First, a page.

Antenatal Depression

Pregnancy is a time of change for women and this can be unsettling for some. While lots of women experience great joy and excitement at being pregnant and all that it promises some women have mixed or negative feelings. You may feel tearful, angry or moody, you may suffer from insomnia, anxiety or a low feeling while some of these symptoms could simply be pregnancy hormones it could also be antenatal depression.  People with antenatal depression often find it hard to accept and talk about as society sees pregnancy to be a time of happiness.


However, talking is one of the best things you can do to help yourself feel better and to start on the road to recovery. It is important that if you are already taking medication that you do not stop your medication suddenly. The risk of a relapse in pregnant women who stop their medication is documented as high as 7 in 10 women. If you are concerned about being medicated during pregnancy please talk to your doctor before coming off the medication.

Postnatal Depression

You’ve just had a baby and the world expects you to be delighted. It’s one of the happiest times of your life, isn’t it?

Postnatal Depression affects between 10 to 15 women in every 100!

Some women go through a brief period of feeling emotional and tearful; this is known as the 'baby blues'.  It usually starts around 3-4 days after baby is born and affects around 85 per cent of new mums. It is so common that it is considered normal. Having the baby blues may be distressing but it is important to remember that it doesn't last long, usually only a few days.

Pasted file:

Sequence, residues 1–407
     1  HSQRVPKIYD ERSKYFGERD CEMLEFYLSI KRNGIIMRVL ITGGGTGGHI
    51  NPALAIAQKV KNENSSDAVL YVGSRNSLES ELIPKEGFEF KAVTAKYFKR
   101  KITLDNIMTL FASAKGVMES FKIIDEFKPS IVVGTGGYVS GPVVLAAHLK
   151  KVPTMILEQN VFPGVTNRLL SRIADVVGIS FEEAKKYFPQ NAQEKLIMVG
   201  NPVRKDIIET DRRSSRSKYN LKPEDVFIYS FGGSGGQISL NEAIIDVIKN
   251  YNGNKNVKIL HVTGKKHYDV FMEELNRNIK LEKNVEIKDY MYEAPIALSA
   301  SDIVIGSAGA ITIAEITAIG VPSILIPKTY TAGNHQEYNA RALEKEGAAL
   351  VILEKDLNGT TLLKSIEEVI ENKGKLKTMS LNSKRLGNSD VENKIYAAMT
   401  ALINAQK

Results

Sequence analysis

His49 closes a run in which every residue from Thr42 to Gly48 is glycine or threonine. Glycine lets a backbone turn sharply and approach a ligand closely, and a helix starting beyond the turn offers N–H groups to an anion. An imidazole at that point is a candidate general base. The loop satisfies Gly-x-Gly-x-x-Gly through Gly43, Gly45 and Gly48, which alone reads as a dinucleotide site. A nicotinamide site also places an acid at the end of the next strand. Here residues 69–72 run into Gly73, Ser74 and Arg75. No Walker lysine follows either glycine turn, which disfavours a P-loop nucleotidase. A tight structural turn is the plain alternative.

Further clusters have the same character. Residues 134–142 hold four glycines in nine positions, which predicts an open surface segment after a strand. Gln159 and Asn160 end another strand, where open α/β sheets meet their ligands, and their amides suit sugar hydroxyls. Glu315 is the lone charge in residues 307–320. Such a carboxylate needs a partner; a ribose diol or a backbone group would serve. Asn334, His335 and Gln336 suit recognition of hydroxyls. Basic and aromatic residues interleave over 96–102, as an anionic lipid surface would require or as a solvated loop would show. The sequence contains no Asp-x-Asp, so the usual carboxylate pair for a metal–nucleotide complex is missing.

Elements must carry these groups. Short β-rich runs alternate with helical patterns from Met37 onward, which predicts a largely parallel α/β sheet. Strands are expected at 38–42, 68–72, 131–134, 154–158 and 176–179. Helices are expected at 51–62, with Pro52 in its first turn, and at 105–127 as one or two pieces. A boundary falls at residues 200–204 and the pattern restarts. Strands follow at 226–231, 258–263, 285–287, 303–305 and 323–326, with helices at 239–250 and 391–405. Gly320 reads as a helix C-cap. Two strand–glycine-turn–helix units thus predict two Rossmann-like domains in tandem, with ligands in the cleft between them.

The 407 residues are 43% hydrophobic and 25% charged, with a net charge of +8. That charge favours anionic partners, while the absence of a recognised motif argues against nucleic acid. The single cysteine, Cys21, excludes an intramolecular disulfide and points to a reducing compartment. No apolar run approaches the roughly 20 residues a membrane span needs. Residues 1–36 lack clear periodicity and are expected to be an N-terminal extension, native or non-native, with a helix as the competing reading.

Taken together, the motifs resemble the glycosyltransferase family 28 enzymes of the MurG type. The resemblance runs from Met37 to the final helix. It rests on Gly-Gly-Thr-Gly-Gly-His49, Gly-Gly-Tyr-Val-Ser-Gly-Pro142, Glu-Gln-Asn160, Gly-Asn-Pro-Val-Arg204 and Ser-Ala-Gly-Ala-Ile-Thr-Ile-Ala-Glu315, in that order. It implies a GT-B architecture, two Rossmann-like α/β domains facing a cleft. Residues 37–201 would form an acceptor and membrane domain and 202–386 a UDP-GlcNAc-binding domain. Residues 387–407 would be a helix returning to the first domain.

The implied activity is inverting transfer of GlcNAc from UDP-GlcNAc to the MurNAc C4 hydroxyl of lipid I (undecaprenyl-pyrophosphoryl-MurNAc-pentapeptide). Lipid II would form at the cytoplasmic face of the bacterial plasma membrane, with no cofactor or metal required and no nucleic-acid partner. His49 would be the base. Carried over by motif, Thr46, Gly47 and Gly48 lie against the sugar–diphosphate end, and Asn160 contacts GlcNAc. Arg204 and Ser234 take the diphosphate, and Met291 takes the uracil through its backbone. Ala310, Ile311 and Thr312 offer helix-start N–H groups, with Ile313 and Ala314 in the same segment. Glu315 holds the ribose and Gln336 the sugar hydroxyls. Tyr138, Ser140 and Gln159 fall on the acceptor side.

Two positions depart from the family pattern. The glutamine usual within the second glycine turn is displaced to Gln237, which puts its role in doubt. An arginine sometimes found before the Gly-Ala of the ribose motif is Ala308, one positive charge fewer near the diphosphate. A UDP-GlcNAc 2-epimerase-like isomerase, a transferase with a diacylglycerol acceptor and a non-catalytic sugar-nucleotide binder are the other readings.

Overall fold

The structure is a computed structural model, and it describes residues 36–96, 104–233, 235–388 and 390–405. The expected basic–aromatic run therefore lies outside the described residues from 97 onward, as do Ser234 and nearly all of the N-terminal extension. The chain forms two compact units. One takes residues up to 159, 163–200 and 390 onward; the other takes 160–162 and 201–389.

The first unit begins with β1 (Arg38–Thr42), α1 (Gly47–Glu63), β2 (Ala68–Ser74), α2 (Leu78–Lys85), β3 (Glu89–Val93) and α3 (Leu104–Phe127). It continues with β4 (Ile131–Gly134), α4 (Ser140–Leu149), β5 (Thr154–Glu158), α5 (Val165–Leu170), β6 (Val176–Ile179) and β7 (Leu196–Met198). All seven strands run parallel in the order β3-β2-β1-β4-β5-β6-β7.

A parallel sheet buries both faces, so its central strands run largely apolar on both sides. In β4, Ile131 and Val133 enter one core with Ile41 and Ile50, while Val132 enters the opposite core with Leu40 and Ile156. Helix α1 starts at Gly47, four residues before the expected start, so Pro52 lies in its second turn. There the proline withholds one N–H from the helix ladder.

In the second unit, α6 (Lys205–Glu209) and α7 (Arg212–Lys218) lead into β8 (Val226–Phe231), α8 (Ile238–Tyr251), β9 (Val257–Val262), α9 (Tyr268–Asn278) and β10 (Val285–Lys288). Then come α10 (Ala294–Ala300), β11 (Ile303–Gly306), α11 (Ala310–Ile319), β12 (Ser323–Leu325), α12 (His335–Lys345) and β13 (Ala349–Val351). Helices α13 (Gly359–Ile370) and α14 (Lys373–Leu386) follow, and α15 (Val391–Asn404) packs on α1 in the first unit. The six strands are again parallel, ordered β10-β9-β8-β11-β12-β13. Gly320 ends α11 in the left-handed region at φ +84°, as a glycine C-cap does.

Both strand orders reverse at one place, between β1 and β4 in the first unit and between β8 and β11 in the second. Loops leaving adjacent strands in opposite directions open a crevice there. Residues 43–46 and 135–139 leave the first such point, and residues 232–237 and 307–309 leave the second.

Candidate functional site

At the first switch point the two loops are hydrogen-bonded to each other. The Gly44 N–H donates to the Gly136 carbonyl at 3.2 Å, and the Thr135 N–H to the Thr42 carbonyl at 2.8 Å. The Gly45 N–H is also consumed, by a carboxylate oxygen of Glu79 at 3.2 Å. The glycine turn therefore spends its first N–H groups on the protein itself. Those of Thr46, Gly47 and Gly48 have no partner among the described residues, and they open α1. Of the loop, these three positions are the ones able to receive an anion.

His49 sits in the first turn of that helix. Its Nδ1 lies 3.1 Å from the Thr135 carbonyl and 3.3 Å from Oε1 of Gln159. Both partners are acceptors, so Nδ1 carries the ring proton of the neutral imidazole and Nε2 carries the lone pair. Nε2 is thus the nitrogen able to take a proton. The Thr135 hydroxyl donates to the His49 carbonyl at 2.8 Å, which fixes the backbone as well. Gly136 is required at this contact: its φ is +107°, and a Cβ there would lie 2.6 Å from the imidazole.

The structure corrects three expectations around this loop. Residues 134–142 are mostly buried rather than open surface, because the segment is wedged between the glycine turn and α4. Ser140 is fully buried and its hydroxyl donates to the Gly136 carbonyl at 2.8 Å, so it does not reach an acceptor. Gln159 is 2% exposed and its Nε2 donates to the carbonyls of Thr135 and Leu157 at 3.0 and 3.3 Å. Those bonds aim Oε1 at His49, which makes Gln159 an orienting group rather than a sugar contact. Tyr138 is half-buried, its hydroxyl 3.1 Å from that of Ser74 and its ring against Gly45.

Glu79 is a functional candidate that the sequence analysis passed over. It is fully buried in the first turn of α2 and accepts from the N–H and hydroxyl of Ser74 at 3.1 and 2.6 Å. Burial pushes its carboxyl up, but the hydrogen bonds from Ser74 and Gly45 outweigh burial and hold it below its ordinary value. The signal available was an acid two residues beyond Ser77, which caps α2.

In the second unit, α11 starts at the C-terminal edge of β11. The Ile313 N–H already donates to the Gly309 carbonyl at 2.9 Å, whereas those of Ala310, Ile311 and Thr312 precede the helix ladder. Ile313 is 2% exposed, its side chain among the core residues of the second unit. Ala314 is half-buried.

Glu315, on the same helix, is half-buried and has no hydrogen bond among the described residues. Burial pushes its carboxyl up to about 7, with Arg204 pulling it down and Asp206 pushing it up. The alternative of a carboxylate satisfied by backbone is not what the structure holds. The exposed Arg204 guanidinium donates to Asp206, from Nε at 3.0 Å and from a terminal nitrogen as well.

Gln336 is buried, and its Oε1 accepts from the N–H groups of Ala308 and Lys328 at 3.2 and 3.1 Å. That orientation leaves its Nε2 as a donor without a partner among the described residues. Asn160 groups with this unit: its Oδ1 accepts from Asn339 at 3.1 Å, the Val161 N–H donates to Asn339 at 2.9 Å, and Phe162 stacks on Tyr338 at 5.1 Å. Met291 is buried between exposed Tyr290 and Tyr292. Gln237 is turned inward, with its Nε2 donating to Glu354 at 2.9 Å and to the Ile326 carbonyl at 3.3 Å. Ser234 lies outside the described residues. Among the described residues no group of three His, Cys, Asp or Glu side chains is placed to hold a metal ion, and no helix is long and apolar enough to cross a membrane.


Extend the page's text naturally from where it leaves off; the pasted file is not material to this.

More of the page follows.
However, some new mothers develop a much deeper and longer-term depression known as postnatal depression (PND). It usually develops within the first few weeks of giving birth and can come on gradually or all of a sudden and can range in severity.

For some women there is an obvious trigger for their PND, but for lots of women they are unable to pinpoint a cause which can be extremely distressing. It is important to know that PND can happen to anyone and it is not your fault. You did nothing wrong and you don’t deserve this.

The symptoms are similar to those in depression at other times. These include low mood and depending on the severity, you may struggle to look after yourself and your baby. You may find simple tasks difficult to manage.

It's never too late to seek help. Even if you have been depressed for a while, you can get better. The help you need depends on how severe your illness is. Depending on the severity of your PND there are various approaches to treatment. Supplements & vitamins, counselling and medication are a few options. Exercise and increased support from family and friends have both proven to be extremely beneficial for the majority of sufferers.

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